For these polish passes I concentrated on cleaning up motion and adding details. The playblast below shows a number of improvements: no knee pops, smoother arm motions with the gun, and a lot of attention to the very end, including camera shake and residual energy on the limbs. I also added screen-space smear frames using boSmear, which pushed squash/stretch and helped George feel more organic.
George’s environment began to take shape as well. I sculpted a low-poly ground plane to hint at a rough, craggy surface, taking care not to create awkward tangents with any body parts. This proved to be more of a challenge than I expected; in the future, set design will happen in tandem with blocking.
Final polish consisted of ever smaller details: arm & leg motion while George was upside down, finger overlap after the gun misfire, tweaks to the smear frames, and careful attention (finally) to constraints and prop interaction. And after several missteps, I finally worked out how the gun should hit the ground and settle. Quickly-shot reference of a falling nerf gun helped immensely (though shooting the gun at strangers was not as useful).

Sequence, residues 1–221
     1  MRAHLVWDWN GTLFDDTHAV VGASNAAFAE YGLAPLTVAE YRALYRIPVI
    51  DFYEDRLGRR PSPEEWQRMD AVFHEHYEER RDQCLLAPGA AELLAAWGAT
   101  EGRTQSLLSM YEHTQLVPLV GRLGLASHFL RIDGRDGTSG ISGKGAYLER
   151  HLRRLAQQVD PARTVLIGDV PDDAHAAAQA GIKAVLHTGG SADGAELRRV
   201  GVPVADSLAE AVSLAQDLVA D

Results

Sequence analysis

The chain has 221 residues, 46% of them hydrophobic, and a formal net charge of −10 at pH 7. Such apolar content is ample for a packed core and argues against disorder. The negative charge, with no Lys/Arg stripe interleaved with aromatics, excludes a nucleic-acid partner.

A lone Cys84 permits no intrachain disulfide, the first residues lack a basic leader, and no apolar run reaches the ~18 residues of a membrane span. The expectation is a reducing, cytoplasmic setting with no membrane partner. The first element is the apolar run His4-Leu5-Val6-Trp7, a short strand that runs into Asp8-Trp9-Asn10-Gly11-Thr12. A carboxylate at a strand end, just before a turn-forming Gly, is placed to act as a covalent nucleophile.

Below is a playblast of the final animation in silhouette form. Not all animation styles will demand such strong poses, but clarity is always an important goal.
Polish always takes a long time and animators love saying that shots are never finished, just abandoned. I would never abandon George (we’re on a first name basis) but it’s safe to say I never want to open his scene file ever again.
In the end, George became a smörgåsbord of characters floating around in my head, including Inspector Clouseau from the original Pink Panther movies and Boba Fett as portrayed in Robot Chicken: Star Wars. None of these choices were conscious; rather, Spaceman George emerged as a result of the creative process, a magical wave of energy fueled by copious amounts of caffeine and desperation.
George, buddy, it’s been fun. You might want to get that gun looked at.